Queen Elizabeth II became queen in my childhood. At that time, I did not pay much attention to her. We Catholic pupils had our own holidays: the feasts of Mary’s Assumption, and of the Founders of Religious Congregation, for example, which were obviously much more important than mere public holidays – we did not have to go to school on them. Besides, the Queen was English, she was not a Catholic – indeed a representative of the nation that had martyred Catholics and plagued our Irish ancestors – and the date we celebrated her birthday on was fake – it was not her real birthday. Moreover, on her visit to Australia we had to stand in the sun for most of the day, only to see her speed by in a car without so much as a wave! We didn’t actually dislike her, but she seemed superfluous.
Children, of course, grow beyond their earlier narrow certainties. After more than sixty years of her reign, we can see so much to admire in the coherence between her personal life and her ceremonial position. We can also appreciate the importance of traditional symbols in our public life, even if we might wonder whether her birthday is an appropriate symbol for Australia.
Celebrating Monarchs birthdays is a relatively recent tradition. It began only when kings and queens were no longer rulers with real power. But the practice goes back much earlier to the ancient world, when the king was identified with his nation and the support of the Gods depended on him. Because the fertility of the soil was bound up with the king winning the Gods’ favour, his birthday was a feast to celebrate the harvest. A prosperous nation was one in which the king ruled powerfully and was honoured and respected.
Those layers of symbolism have crumbled in our own day, but in England, the Queen remains a powerful symbol of the nation. Her identification with the nation, however, now depends less on her place in a God-given order than on her personal qualities. It matters that the ruler should be a person of integrity and good character. In the case of Queen Elizabeth II her personal qualities are wholly admirable, and deserve celebration.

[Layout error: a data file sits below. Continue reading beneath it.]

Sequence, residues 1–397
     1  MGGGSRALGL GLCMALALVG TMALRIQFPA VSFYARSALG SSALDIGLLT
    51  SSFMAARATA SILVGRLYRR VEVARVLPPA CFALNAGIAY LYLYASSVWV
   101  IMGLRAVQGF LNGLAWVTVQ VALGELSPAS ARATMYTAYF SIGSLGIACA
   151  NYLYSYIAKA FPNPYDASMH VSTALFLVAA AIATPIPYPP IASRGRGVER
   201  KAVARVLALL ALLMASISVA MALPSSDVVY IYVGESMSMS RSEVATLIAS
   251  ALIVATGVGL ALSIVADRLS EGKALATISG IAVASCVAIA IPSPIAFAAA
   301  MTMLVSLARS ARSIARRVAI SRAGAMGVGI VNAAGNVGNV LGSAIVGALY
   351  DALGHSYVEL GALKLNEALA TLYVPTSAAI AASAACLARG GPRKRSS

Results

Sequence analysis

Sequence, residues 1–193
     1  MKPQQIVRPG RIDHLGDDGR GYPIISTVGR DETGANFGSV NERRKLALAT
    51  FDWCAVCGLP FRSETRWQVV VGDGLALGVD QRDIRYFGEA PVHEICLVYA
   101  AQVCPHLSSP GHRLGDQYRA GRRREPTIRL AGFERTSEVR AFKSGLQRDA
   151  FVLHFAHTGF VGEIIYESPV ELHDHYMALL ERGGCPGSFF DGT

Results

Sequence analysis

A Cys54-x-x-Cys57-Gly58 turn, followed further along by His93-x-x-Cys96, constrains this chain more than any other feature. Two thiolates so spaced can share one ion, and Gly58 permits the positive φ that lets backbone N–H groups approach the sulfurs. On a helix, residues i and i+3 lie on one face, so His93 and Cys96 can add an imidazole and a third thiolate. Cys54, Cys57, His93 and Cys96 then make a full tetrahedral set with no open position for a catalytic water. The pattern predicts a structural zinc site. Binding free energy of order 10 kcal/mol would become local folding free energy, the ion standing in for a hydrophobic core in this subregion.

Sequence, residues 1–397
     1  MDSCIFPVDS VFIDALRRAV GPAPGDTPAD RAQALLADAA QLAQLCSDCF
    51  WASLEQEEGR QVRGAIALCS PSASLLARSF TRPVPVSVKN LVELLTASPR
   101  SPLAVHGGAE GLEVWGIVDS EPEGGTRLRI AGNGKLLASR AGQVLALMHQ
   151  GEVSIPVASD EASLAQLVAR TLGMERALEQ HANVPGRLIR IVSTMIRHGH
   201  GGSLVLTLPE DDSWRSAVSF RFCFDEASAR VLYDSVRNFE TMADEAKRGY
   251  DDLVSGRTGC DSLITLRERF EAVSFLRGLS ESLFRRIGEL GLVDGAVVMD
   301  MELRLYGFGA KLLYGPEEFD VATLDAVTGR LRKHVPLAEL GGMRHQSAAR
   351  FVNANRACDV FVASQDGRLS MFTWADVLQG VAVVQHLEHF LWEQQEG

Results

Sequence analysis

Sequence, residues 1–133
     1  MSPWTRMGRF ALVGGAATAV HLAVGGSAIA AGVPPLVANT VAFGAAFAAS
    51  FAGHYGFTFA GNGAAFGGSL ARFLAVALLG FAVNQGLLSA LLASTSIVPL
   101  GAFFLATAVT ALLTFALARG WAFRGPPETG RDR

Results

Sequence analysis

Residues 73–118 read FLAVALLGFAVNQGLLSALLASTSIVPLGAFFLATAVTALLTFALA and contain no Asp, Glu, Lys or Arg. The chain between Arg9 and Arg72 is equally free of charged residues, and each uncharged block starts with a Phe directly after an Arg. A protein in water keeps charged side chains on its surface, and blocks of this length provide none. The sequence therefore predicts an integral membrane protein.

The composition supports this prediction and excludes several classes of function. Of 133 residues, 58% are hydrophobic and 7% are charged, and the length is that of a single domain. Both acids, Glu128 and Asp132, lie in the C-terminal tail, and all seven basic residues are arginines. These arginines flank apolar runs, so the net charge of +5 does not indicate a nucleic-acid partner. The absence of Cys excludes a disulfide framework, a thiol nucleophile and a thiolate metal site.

Queen Elizabeth II became queen at an early age, following the death of her father, King George VI. He was a limited man who had the throne unexpectedly thrust on him and served his people bravely through the war. Elizabeth has dedicated herself to a life of public service, subordinating her own interests and desires to those of the people and institutions that make up the nation. Anyone who has observed her on a typical day in a regional city will marvel at her resilience and ability to attend twenty or so public engagements, greet hundreds of people, making each feel at home, to keep tight schedules with apparent leisure, to listen with apparent interest to twenty or so effusive speeches, and to deflect inappropriate requests without causing offence. She embodies a respect, courtesy and sense of public responsibility that are increasingly lacking in public life. She also models an unobtrusive but genuine Christian faith.
Such examples of reliability are important for the young people whom we serve at Jesuit Social Services. To people whose inner and outer worlds have so often been chaotic, stable people in public life can offer new possibilities.
At a time when the conduct of public life has become increasing fractious and egocentric heads of state who are a model of dignity and of moderation are a blessing. Even if they do not rule by divine right, they do serve human needs. Queen Elizabeth II deserves our prayers and our support on all her various birthdays.
Fr Andrew Hamilton SJ writes for Jesuit Communications and Jesuit Social Services.